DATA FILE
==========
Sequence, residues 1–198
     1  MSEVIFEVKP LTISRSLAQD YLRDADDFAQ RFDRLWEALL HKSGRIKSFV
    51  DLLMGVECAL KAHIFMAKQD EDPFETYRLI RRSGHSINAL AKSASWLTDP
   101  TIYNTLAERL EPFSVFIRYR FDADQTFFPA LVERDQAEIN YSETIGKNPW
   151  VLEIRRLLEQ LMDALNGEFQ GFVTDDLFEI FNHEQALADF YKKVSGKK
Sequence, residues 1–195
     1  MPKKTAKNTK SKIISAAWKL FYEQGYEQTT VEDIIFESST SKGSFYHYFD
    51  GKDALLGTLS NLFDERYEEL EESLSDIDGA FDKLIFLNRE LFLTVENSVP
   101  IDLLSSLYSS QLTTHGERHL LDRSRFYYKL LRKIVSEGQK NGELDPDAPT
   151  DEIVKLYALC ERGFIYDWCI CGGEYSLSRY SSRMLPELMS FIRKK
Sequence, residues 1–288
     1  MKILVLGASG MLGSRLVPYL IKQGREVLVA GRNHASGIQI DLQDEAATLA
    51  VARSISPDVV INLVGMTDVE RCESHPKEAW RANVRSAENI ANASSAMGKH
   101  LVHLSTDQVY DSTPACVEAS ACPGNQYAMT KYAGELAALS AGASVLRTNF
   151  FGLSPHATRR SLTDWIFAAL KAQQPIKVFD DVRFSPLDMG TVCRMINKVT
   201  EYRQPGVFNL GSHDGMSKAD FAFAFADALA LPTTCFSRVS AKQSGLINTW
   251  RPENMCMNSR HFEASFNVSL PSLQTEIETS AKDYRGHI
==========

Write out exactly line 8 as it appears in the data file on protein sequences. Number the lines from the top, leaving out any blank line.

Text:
    51  GKDALLGTLS NLFDERYEEL EESLSDIDGA FDKLIFLNRE LFLTVENSVP